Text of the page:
Despite staggering differences in mass and scale of the sun (left), National Ignition Facility implosions (right) are being used to recreate the conditions found in the deep interiors of stars so that they may be better understood.
The energy of stars comes from nuclear fusion. At their cores, under incredible pressure and temperature, lighter elements like hydrogen and helium are fused into heavier ones. These conditions are extreme and it's only now that researchers are getting close to replicating them.
Lawrence Livermore researchers used the National Ignition Facility to reproduce what's happening inside massive stars (those that are 10 to 40 times the mass of our sun) by compressing hydrogen to 1,000 times the density of lead and a temperature of about 90 million degrees Fahrenheit.
In these conditions, hydrogen is turned into an extremely dense and hot plasma. This allowed for nucleosynthesis, the formation of different elements from the fusion of simpler ones.
A mantle nodule collected from San Carlos, Arizona, brought to the surface during a deep volcanic eruption about 1 million years ago. Olivine, which is the focus of the LLNL study, is the predominant light green-colored mineral that is present in this rock. Photo by Wyatt Du Frane/LLNL
Scientists at Lawrence Livermore National Laboratory believe their improved understanding of electrical conductivity inside Earth's mantle will help them map the distribution of water inside Earth.
Earth is the only planet in the solar system to develop plate tectonics and large liquid water oceans on its surface. Planetary scientists believe the distribution of significant amounts of water inside Earth's mantle is linked with the two phenomena.
Understanding the diffusion of hydrogen in the mantle is key to measuring the distribution of water inside Earth. Hydrogen plays an important role in encouraging electric conductivity, but researchers haven't been able to accurately quantify the relationship between hydrogen and conductivity.
Hydrogen gas bubbles evolve from water at tantalum disulfide electrocatalyst surfaces. Catalytic activity in layered metal dichalcogenides like these is usually limited to edges, but this work reports new materials that also can generate hydrogen at the surfaces. Image by Ryan Chen/LLNL
Lawrence Livermore National Laboratory scientists have developed a technique that helps extract hydrogen from water efficiently and cheaply.
Hydrogen can be used as a clean fuel in fuel cells, which produce power, with water and heat as the only byproducts. As a zero-emission fuel, the hydrogen can be recombined with oxygen to produce electric power on demand, such as onboard a fuel-cell vehicle.
The Livermore team and collaborators at Rice University and San Diego State University turned to electricity to produce clean hydrogen fuel by splitting water molecules, which are made of oxygen and hydrogen atoms. The researchers discovered a new class of cheap and efficient catalysts to facilitate the water splitting process.
A shallow underground nuclear test conducted by the United States on July 6, 1962 at the Nevada Test Site.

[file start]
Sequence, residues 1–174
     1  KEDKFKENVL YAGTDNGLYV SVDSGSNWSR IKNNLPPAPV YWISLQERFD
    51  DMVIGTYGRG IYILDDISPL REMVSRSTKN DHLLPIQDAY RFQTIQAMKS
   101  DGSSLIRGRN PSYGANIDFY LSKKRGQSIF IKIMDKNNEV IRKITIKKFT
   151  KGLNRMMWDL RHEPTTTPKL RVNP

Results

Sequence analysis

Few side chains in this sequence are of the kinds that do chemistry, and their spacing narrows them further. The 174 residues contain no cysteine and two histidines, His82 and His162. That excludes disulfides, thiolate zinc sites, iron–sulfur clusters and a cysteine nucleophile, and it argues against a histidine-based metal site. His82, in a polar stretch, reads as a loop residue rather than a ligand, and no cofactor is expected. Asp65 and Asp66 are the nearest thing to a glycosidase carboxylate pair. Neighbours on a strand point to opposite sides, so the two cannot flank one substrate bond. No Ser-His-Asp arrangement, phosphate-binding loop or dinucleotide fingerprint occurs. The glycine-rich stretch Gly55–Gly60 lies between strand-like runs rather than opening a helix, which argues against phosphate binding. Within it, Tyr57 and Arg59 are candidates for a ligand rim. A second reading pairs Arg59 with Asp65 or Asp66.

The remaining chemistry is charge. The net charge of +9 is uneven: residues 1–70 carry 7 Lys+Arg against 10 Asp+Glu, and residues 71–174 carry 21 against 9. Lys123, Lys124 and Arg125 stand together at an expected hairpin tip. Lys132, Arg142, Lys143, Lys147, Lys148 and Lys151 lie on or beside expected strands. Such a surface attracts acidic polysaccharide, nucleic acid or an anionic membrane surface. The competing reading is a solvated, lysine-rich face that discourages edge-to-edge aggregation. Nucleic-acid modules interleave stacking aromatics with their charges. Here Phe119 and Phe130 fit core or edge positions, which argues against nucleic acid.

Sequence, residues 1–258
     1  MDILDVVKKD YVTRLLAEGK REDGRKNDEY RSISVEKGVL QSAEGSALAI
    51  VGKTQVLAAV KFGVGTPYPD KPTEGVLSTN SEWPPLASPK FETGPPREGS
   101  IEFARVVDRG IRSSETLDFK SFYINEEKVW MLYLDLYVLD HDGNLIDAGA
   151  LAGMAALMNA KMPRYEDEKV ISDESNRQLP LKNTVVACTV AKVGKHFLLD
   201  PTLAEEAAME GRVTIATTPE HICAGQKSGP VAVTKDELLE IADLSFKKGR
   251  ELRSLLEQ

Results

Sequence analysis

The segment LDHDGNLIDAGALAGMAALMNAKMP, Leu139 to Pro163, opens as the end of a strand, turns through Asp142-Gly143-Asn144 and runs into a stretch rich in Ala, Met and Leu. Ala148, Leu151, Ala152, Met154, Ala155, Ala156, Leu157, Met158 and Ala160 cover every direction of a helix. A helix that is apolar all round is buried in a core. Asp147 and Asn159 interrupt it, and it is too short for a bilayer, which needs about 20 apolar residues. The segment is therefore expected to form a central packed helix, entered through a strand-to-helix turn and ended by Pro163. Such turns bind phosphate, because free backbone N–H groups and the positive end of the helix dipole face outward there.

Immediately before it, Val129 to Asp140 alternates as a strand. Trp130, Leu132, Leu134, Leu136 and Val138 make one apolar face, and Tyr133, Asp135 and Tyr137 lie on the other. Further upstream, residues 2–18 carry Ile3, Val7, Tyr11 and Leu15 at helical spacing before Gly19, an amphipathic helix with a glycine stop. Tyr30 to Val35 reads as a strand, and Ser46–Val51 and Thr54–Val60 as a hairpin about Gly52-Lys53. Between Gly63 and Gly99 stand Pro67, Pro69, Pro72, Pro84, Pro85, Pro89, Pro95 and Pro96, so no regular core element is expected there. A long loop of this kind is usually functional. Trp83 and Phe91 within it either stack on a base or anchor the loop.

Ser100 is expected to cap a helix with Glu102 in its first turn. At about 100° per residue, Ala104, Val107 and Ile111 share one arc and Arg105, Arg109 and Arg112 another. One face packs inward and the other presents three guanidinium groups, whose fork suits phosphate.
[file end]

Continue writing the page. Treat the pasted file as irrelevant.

Earthquake scientists are eavesdropping on North Korea's nuclear tests by tracking the secretive blasts. But there is only so much scientists can do to understand explosions they can't get near. That's where the test blasts in Nevada come in.
The tests were part of phase one of the Source Physics Experiment. The goal was to set off a series of chemical explosions of different sizes and at different depths in the same borehole and then record the seismic signals on a battery of instruments. The detonations took place at the nuclear test site in southern Nevada, where between 1951 and 1992 the U.S. government set off 828 underground nuclear tests and 100 atmospheric ones.
For the Source Physics Experiment, six chemical explosions were set off between 2011 and 2016, ranging up to 5,000 kilograms of TNT equivalent and down to 87 meters deep. The biggest required high-energy-density explosives packed into a cylinder nearly a meter across and 6.7 meters long, said Beth Dzenitis, an engineer at Lawrence Livermorea who oversaw part of the field campaign. Yet for all that firepower, the detonation barely registered on anything other than the instruments peppering the ground. "I wish I could tell you all these cool fireworks go off, but you don't even know it's happening," she says.
The explosives were set inside granite rock, a material very similar to the granite at Mount Mantap. The seismic waves racing outward behaved very much as they might at the North Korean nuclear test site, says William Walter, head of geophysical monitoring at LLNL. The underlying physics, describing how seismic energy travels through the ground, is virtually the same for both chemical and nuclear blasts.
Movies of Operation Teapot is one of the recently declassified films available on YouTube.
The U.S. detonated more than 200 atmospheric nuclear weapons to gather scientific data about their potential. That data was gospel for years, until a weapons physicist decades later found out the figures were off by huge margins.
The fireballs were captured on film by strategically placed cameras all around the test sites and then analyzed by scientists specifically for their yield, or the energy released.
Best scientific data for the nations has for its nuclear potential. But when LLNL weapons physicist Greg Spriggs was asked to write a computer code that would predict with nuclear fallout that just didn't coincide with the data from the tests. So Spriggs is on a mission to scan and analyze all the old films to make sure the data is up to snuff.